One of the country's top neuroscience researchers is leaving Halifax to pursue his medical career in England, where he says financial support for the type of work he does is more secure.
Dr. Rob Brownstone, who's lived in Halifax for 15 years, said while he's been lucky to have received solid funding in Canada, he's troubled that support by federal agencies for discovery science is on the decline.
He said funding is now focusing more on applied research.
"Attitudes toward research by our federal government have not been particularly encouraging," Brownstone told CBC News.
"I think there are significant changes in our funding bodies and those changes are going to have significant impact on research and, more worrisome, on research training. So, even if there were a reversal, it would take time to recover."
Brownstone holds the Canada Research Chair in spinal cord circuits at Dalhousie University and operates on patients at the QEII Health Sciences Centre. He also heads a motor control lab of six scientists who work with patients with Parkinson's disease, ALS and epilepsy to learn how the brain controls movement.
In England, he'll take a position as chair of neurosurgery at University College London beginning August 1.
"It's always difficult to make these big decisions," Brownstone said.
"The institution there is superb with tremendous colleagues on the science and clinical side. It's one of those opportunities that would be hard to say no to."
Brownstone will not only be working with a larger group of collaborators, he'll be taking some scientists from Halifax with him.
"The research will continue in the U.K.," he said.
England's gain, Nova Scotia's loss
The motion control lab on the third floor of the Life Sciences Research Centre on Summer Street in Halifax has grown from one to six principal investigators since Brownstone arrived.
Last year alone, Brownstone's research received $1.7 million in federal money and he helped organize an international conference in Halifax.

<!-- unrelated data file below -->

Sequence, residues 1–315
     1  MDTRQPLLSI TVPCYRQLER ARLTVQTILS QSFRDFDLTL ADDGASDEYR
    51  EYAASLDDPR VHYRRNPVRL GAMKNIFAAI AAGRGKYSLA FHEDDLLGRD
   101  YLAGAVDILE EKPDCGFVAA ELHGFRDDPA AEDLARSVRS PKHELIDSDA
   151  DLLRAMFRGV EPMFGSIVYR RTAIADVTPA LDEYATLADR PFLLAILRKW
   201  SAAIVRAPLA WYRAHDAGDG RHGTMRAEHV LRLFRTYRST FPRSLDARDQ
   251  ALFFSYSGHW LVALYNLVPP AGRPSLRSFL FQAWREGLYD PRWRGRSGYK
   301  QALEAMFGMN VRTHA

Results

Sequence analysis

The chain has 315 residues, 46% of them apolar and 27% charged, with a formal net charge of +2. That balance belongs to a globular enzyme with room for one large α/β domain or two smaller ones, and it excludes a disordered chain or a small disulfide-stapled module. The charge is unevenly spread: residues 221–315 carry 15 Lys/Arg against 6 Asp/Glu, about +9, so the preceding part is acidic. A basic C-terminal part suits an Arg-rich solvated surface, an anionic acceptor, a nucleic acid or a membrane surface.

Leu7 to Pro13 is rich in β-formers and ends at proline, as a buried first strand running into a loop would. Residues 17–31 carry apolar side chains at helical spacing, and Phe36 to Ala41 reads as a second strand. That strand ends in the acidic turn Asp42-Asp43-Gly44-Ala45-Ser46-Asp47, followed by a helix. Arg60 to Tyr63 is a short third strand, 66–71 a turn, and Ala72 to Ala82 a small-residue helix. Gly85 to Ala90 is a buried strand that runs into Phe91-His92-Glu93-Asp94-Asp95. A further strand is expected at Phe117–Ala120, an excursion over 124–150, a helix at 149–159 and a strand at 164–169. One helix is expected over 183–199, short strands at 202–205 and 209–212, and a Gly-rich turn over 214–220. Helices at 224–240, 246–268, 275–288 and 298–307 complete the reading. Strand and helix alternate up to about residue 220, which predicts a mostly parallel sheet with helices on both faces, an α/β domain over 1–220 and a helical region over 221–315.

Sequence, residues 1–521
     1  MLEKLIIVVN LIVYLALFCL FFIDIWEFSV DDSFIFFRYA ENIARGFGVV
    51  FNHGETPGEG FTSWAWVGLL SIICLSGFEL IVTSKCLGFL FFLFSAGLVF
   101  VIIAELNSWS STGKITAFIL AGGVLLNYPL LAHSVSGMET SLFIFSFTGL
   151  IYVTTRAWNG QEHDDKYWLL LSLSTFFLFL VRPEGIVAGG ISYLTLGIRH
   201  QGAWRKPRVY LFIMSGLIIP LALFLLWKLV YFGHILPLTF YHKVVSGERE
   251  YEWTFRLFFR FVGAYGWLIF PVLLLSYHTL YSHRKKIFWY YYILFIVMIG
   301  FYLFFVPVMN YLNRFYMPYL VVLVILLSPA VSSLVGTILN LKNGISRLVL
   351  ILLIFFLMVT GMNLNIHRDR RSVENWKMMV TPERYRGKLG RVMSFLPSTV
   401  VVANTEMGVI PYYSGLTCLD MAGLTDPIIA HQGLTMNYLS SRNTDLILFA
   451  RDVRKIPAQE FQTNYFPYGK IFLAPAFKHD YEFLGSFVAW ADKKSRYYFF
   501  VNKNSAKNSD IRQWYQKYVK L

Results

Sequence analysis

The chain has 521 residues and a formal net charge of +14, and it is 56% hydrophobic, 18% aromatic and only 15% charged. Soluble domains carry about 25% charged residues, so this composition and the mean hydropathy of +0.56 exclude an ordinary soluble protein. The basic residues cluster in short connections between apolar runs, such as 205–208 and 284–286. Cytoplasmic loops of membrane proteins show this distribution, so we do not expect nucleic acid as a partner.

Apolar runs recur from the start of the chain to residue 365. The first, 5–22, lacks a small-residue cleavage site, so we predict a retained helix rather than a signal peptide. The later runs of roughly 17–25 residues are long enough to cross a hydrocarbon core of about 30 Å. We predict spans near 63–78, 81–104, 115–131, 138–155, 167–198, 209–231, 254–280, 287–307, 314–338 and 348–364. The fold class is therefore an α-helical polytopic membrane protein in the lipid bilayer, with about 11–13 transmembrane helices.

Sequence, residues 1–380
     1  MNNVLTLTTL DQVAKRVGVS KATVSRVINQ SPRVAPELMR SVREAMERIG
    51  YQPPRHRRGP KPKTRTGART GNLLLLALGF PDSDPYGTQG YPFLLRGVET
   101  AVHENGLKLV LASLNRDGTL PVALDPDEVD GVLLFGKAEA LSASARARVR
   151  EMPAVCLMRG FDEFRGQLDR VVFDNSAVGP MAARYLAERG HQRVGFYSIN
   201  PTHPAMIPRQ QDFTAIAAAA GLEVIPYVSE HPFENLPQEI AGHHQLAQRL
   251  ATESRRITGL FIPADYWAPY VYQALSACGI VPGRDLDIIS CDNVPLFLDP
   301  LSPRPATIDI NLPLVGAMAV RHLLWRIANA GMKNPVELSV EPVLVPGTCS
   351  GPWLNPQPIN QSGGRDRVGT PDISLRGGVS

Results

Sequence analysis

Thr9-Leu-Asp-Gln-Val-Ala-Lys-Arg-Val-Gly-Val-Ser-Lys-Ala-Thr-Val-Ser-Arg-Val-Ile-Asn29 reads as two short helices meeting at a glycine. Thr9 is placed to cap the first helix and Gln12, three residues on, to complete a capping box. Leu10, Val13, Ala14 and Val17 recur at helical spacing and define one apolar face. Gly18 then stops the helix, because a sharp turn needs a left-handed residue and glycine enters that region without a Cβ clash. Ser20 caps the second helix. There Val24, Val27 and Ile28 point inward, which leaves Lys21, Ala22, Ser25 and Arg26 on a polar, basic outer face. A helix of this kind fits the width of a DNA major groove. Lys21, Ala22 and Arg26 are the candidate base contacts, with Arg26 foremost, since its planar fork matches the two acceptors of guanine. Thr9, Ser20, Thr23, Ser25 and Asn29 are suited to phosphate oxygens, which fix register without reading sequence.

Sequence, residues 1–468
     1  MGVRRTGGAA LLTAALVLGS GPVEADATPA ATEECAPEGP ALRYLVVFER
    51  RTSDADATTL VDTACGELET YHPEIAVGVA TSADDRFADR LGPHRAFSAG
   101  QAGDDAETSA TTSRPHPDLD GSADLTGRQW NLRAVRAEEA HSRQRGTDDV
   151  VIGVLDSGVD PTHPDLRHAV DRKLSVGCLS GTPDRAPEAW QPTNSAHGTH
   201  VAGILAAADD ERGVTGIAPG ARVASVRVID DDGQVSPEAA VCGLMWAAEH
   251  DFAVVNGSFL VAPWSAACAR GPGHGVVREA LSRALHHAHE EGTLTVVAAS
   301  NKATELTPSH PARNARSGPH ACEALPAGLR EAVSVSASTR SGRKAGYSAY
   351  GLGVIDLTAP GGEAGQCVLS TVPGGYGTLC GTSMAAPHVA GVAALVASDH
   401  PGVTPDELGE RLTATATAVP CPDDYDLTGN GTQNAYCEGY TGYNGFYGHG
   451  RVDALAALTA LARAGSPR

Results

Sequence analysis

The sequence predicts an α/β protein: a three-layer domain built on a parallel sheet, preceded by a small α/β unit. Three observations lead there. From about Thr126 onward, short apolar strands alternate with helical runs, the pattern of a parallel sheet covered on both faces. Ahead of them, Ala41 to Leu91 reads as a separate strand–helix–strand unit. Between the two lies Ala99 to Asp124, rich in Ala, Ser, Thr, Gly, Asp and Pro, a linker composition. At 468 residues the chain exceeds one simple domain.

In London, however, Brownstone said his funding will be more secure because the U.K. continues to value pure, or discovery, science. He said that's just not the case in Canada, where he believes money is being increasingly directed toward applied research.
Brownstone also said Dalhousie should better leverage medical research at the university and benchmark itself against larger schools.
"It would be great if Dalhousie University could start thinking of itself as university to compete with the big five universities in Canada — McGill, Montreal, Toronto, Alberta and B.C. — rather than competing against other Atlantic Canadian universities," he said.
"It's really important to think of yourself as a top-notch research university if you are going to make advances."
Brownstone says the only thing that could have kept him in Halifax would have been the creation of a research hospital at the QEII Health Sciences Centre. It's something he said the province should have done when it consolidated nine health authorities into one.
"I think this was a lost opportunity because we could have had a real teaching and research hospital here," Brownstone said.
"We have the infrastructure at the QEII Health Sciences Centre where people are referred."
Brownstone's vision of a teaching and research hospital in Halifax would not require a new building, but what he describes as "a change in culture — the idea where everyone from the janitor to the doctor could ask questions and where patients could expect to be enrolled in leading edge clinical trials."
The economic benefit to the province, Brownstone argues, would be attracting and retaining more clinical scientists as well as millions of research dollars, 60 per cent of which he says gets spent on salaries.